FINRA Disciplines Brokers and Brokerage Firms for Improper Sales of Life Insurance Products
- David Herlicka, a former broker with NYLife Securities, LLC, was disciplined for misconduct associated with his sales of variable universal life products. FINRA found that Herlicka made inappropriate and unsuitable recommendations to his customers to purchase these products, and that he knowingly made false statements on his customers’ applications for these products. FINRA also found that Herlicka repeatedly made false statements to his customers, and failed to inform them of all of the risks of these products, including issues such as the risks created by withdrawing money from the policies, the risks that the policies could lapse, the fact that the actual costs of insurance in the policies increase over time, and the surrender charges associated with a customer taking money back out of the policy. In one instance, FINRA found that Herlicka surrendered a client’s variable annuity and moved that money into a variable universal life policy without the client’s knowledge or consent. As a result of these issues, no less than 20 customer complaints have been filed against Herlicka to date.
- Gregory Angelillo, a former broker of Pruco Securities, LLC out of Paramus, NJ, was permanently barred from the industry based upon a FINRA investigation that found that Angelillo applied for a variable annuity for a client without her knowledge or consent, including forging her signature on various documents to process the trade. When Pruco Securities questioned Angelillo about the application, apparently he lied and told the firm that the client was unavailable because she was on vacation.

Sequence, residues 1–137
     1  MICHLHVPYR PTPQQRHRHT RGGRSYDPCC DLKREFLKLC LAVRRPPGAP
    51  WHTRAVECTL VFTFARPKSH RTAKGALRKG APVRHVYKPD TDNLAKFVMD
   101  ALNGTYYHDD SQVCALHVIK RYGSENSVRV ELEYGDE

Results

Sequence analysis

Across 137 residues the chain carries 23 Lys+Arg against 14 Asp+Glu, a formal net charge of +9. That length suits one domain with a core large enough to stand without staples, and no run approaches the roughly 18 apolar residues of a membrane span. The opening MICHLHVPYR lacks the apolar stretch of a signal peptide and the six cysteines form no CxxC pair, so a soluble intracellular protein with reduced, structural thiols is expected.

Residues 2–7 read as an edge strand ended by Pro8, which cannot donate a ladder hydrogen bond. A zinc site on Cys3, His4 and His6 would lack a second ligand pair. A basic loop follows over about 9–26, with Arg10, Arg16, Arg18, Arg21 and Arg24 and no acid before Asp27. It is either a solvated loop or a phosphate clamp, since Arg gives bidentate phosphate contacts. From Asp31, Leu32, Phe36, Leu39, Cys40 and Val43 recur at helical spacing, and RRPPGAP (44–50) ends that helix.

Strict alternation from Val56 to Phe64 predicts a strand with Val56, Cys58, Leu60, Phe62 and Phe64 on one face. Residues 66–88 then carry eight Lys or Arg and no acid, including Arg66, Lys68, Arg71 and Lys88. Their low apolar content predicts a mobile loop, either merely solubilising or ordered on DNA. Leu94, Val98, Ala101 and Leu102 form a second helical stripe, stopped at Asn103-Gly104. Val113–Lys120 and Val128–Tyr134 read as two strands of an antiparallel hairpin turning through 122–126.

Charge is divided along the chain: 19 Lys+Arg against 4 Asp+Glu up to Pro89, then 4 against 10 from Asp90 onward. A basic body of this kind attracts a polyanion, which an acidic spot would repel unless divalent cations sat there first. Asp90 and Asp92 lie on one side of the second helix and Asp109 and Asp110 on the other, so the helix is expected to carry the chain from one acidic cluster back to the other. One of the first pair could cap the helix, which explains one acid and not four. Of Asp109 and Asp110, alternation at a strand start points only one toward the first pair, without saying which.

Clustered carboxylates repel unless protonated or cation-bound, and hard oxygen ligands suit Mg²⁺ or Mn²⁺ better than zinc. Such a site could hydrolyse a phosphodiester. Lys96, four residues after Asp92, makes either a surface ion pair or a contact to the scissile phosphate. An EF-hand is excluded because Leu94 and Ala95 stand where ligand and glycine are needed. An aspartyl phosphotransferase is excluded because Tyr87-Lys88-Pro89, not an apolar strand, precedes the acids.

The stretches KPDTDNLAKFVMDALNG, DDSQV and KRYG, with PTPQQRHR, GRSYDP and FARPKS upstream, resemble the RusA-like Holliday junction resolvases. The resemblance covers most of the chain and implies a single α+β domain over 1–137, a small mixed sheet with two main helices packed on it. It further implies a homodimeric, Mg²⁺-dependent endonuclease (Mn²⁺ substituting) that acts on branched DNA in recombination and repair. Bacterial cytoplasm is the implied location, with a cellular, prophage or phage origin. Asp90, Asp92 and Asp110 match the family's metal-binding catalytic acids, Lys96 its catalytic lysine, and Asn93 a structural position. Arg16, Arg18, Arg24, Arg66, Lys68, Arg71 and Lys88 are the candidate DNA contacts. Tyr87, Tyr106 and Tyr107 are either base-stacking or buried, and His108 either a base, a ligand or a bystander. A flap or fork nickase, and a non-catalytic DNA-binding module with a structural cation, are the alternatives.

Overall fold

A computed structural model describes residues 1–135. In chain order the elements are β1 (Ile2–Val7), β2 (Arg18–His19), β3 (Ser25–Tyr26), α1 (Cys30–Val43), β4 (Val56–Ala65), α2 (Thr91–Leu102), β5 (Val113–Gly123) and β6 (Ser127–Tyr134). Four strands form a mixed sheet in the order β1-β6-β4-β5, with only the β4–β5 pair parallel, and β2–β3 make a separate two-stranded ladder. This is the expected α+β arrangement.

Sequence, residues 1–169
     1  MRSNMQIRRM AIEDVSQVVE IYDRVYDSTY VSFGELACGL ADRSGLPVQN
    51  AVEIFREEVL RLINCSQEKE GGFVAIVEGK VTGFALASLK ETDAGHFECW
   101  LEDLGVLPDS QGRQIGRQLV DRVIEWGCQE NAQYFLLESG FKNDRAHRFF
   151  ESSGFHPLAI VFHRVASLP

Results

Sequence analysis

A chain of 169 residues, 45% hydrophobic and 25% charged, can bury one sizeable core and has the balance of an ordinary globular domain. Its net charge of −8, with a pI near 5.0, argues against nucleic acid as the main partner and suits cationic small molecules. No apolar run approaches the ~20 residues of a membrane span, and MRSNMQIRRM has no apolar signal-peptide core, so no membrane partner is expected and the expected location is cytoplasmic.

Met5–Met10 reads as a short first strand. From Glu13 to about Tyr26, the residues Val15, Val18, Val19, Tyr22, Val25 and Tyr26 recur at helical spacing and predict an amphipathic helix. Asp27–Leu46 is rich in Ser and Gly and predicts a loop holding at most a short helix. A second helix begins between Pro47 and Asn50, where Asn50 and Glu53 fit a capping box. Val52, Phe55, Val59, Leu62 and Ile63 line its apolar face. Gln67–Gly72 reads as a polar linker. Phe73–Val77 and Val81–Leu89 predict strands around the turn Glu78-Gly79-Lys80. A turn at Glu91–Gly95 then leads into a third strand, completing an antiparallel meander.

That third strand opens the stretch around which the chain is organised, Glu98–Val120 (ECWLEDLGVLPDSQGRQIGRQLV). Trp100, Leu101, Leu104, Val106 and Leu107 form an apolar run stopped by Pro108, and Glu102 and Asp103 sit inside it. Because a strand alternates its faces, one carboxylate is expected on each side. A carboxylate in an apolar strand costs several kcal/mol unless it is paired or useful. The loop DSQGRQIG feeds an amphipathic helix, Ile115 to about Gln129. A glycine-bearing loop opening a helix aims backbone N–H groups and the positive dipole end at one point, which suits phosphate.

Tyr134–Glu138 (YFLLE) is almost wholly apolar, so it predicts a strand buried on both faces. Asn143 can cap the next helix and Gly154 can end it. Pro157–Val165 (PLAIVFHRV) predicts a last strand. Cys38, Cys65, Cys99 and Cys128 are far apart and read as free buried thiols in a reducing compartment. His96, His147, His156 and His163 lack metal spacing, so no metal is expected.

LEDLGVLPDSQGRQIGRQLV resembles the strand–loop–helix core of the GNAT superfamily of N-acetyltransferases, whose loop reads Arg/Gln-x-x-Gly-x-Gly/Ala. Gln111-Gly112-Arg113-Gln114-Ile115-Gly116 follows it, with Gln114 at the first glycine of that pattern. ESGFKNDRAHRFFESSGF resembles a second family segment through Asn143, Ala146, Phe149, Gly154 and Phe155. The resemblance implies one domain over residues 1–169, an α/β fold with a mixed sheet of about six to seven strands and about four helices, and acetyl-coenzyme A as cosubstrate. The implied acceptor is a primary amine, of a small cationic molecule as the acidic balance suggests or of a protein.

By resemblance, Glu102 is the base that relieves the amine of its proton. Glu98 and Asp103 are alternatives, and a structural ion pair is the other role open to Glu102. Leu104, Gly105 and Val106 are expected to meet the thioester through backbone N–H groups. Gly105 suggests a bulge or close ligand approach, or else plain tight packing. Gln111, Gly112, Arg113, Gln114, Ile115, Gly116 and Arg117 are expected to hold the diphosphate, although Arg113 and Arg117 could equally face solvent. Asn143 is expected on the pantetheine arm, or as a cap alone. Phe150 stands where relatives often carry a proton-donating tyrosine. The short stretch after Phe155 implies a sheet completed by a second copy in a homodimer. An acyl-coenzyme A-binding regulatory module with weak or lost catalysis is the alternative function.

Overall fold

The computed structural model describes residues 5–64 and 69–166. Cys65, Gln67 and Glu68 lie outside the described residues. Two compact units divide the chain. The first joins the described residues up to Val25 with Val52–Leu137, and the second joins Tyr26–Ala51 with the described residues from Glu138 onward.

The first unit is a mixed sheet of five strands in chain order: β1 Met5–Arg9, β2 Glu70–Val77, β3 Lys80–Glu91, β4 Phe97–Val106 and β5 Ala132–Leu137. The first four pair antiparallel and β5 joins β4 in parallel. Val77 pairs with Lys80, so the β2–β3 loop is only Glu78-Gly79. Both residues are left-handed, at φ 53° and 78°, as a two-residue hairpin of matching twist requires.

- Great American Advisors, Inc., a brokerage firm based out of Cincinnati, OH, was fined $100,000 as a result of a FINRA finding that Great American’s system to supervise the sale of variable annuities was inadequate. Apparently, at least two of Great American’s brokers recommended and processed trades for customers where those customers cashed out one variable annuity only to purchase another variable annuity with those funds. Switching between variable annuities is often a bad idea for investors, as it can incur substantial penalties and restart the clock on holding periods before the customers can access their money. These instances were apparently no exception, with the clients paying over $360,000 in surrender penalties as a result of the recommended switches. Moreover, this was apparently business as usual for these brokers, as they repeatedly had clients switch between these products.
If your broker or financial advisor recommended that you purchase a variable life insurance product such as a variable annuity or variable universal life product, and you lost money in that product and do not believe it was an appropriate investment for you, contact us for a free, no obligation evaluation of your account. You may have the right to file a claim to attempt to recover some or all of your losses.